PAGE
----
of Hospital Infection, 4(2),111-131.
    4. Whyte, W., Hodgson, R. & Tinkler, J. (1982). The importance of airbornebacterial contamination of wounds. Journal of Hospital Infection, 3(2),123-135.
    5. Sax H, et al, Prolonged Outbreak of Mycobacterium chimaera Infection After Open-Chest Heart Surgery Clin Infect Dis. 2015: 61 (1); 67-75.
    6- Swedish Standards Inst., Teknisk specification SIS-TS 39:2015
    7- WHO. Global guidelines on the prevention of surgical site infection. Available from: http://www.who.int/gpsc/ssi-guidelines/en/. Accessed February 13, 2017.
    8- 31-WHO. Global guidelines on the prevention of surgical site infection. Available from: http://www.who.int/gpsc/ssi-guidelines/en/.
    9- Perez, et al, Door openings in the operating room are associated with increased environmental contamination, Am J Infect Control, Volume 46, Issue 8, Pages 954–956
    10-Teter, et al, Assessment of operating room airflow using air particle counts and direct observation of door openings, Am J Infect Cont., Volume 45, Issue 5, Pages 477–482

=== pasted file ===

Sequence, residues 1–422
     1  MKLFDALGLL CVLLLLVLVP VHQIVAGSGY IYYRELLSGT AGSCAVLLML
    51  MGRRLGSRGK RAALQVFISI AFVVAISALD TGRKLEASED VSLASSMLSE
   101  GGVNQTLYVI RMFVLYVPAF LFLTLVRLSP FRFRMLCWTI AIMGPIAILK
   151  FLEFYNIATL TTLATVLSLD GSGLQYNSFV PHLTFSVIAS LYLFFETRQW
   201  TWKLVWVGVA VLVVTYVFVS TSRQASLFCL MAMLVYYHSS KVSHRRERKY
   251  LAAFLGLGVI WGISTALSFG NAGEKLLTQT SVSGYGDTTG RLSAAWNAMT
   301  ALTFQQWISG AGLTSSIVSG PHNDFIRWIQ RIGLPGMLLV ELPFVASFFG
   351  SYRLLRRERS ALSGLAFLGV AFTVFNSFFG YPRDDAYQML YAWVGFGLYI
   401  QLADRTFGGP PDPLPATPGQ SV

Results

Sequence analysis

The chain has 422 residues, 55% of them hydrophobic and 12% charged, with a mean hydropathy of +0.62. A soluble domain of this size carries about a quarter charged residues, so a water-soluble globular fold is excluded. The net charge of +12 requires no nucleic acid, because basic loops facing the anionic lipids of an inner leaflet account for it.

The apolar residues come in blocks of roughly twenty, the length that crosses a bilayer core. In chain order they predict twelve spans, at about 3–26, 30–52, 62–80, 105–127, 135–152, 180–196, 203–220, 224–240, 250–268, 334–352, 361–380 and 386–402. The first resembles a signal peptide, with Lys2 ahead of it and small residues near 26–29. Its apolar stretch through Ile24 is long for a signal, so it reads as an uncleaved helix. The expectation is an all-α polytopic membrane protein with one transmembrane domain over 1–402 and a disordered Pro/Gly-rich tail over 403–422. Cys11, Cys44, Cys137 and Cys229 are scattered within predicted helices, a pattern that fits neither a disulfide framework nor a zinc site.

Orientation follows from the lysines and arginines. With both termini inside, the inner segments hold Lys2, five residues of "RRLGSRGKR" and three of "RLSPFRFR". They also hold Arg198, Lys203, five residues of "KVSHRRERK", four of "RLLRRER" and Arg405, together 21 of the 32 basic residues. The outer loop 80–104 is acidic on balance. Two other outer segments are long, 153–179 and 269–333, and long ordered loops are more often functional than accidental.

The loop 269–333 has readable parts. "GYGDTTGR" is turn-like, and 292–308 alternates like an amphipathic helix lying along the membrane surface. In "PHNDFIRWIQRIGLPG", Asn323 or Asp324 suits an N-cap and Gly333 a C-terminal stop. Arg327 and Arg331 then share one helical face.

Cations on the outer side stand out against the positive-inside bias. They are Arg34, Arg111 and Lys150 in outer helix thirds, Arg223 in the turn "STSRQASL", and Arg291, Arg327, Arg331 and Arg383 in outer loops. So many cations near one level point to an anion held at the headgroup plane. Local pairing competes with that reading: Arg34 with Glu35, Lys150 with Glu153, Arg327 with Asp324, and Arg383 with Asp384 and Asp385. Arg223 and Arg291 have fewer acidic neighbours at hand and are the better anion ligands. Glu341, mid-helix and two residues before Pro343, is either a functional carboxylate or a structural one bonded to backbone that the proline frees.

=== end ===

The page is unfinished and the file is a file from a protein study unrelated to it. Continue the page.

11- Birgand, G., Azevedo, C., Rukly, S., Pissard-Gibollet, R., Toupet, G., Timsit, J., & Lucet, J. (2019). Motion-capture system to assess intraoperative staff movements and door openings: Impact on surrogates of the infectious risk in surgery. Infection Control & Hospital Epidemiology, 40(5), 566-573. doi:10.1017/ice.2019.35
    12- Wolford H et al, The projected burden of complex surgical site infections following hip and knee arthroplasties in adults in the United States, 2020 through 2030. Infect Cont Hosp Epi (2018), 39, 1189–1195 doi:10.1017/ice.2018.184
    13-Edmiston CE. Prosthetic device infections in surgery. In: Nichols RL, Nyhus LM, editors. Update surgical sepsis. Philadelphia (PA): J.B. Lippincott Co.; 1993.pp. 196-222.
    14-Parvisi et al, Environment of care: Is it time to reassess microbial contamination of the operating room air as a risk factor for surgical site infection in total joint arthroplasty? Am J Infect Cont, Vol 45, Issue 11, 1267 – 1272.